What age should your kid stop sleeping in your bed?
Posted by: Sue Atkins
Getting your child to stop sleeping in your bed can be a hard habit to break.
While lots of parents love to have the kids, all jumping in and cuddling up on a Saturday morning, night after night of interrupted sleep isn’t funny for anyone. The flaying legs, the pulled off duvet and the grumpy partner in the morning aren’t always the idyllic dream of family life you wanted it to be.
So, what can you do when the kids have got into some bad habits, have recovered from that chesty cold, have finished with that nightmare or come through that divorce?
Convincing your child to sleep in their own bed again can be a challenge once they’ve got into the habit of sleeping with you – as let’s face it it’s cosy, safe and reassuring.
Whether your child refuses to fall asleep in their own bed or ends up crawling into your bed in the middle of the night, kids who don’t want to sleep alone can be persistent.
Fortunately, there are some things you can do to reclaim your bed if you’re tired of sharing.
Here are 8 ways to stop kids from sleeping in your bed.
Make Your Child’s Room Sleep-Friendly
Before you start insisting on your child staying in their bedroom create a relaxing environment with less toys, less stimulus, a calming colour scheme & less technology.
Create calm – it promotes sleep.
Each child’s idea of what a relaxing environment looks like is different, however.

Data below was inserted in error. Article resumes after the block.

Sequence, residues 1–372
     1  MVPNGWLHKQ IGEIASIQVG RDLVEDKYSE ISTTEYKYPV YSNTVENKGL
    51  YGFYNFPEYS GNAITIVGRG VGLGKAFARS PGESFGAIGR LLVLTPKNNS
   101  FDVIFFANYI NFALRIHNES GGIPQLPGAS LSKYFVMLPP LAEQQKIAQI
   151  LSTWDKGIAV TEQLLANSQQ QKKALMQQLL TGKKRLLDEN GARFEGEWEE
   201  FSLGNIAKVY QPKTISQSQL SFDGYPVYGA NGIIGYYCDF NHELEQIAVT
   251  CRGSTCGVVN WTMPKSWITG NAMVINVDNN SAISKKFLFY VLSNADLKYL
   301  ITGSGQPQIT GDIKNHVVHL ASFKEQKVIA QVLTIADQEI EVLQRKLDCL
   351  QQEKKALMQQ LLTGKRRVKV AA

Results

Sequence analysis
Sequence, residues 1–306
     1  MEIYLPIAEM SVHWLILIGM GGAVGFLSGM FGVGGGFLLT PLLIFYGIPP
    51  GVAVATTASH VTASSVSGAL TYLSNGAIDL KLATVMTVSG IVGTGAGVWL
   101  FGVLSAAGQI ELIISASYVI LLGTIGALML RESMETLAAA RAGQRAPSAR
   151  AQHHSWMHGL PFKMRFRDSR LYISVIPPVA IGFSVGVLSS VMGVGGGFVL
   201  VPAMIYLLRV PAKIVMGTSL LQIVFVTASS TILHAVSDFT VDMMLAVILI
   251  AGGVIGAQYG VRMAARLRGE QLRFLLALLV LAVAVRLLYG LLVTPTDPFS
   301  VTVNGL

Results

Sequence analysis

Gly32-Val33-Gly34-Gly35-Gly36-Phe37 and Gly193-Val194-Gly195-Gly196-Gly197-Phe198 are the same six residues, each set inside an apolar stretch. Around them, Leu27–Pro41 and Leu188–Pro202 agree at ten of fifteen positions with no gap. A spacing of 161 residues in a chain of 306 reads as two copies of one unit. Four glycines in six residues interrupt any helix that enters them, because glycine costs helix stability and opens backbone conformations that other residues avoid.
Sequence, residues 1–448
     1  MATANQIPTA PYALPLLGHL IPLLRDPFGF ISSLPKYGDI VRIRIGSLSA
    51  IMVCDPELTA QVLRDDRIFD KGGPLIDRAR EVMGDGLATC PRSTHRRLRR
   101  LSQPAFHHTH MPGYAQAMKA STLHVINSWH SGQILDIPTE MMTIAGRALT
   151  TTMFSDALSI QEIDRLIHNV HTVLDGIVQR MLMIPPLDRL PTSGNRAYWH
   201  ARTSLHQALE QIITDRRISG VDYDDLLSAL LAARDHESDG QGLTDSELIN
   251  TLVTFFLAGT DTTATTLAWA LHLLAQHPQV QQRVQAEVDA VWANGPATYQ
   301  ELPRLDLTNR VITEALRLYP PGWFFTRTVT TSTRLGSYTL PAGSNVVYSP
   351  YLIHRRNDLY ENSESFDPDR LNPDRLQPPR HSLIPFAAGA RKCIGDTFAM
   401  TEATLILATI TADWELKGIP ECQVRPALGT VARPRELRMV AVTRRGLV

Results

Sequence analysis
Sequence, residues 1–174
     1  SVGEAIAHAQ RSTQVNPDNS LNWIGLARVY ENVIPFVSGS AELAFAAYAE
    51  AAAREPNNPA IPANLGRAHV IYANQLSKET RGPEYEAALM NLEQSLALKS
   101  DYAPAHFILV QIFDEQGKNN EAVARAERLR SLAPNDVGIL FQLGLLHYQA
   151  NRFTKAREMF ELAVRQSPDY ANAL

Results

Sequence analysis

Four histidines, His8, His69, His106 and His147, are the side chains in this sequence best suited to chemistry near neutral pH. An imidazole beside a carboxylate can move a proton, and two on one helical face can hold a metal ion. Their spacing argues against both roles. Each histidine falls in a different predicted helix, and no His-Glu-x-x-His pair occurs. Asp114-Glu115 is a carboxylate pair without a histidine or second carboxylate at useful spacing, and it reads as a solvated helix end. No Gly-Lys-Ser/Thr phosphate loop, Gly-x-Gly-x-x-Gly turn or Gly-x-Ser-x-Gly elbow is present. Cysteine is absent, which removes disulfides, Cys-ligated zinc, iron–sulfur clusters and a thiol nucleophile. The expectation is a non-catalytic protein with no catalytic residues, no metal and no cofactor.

While one child may enjoy some white noise and a night light, another may want a stuffed cuddly toy, complete darkness, and utter silence.
So, experiment with what looks, sounds and feels calm for your child – and ask them how they’d like their sleeping environment to be.
Experiment with a few different things to see what helps your child feel most relaxed ready to drift off independently.
Easing their night-time fears can be the key to getting your child to sleep independently.
‘Talk & Teach’ your Child to Self Soothe.
Self-soothing, is the name that involves a child learning how to calm themselves down by themselves, when they wake up, or find themselves a little anxious, or stressed.
Encouraging, nurturing and allowing your child to self soothe can be a wonderful life skill.
This is not allowing your child to ‘cry themselves to sleep’ as I am not an advocate of ‘crying it out’ – that creates trauma and a child who feels that they can’t trust the world as their needs are not being met.
This is different.
This is allowing your little one to learn to fall asleep on their own.
How To Teach Your Child To Self-Soothe Tips.
You can teach your little one to self-soothe in various ways but just don’t rush it. Take one step at a time and allow for your child’s body and mind to learn and adapt to the new skill.
The secret is for you to relax. If you get tense, then your child gets tense, as they pick up on your anxiety or tension. Simply have the intention to progress from having to hold, rock, sing, swing or co-sleep with your child to putting them to sleep so they can fall asleep by themselves.
Step 1: Prepare yourself to be ready to let go. This is perhaps the most difficult step for you as a parent. Just remind yourself that this is teaching your child to fall asleep on their own. Nothing scary – you won’t be far away. You won’t let them cry for ages. You just want to teach them that falling asleep is natural, safe and OK.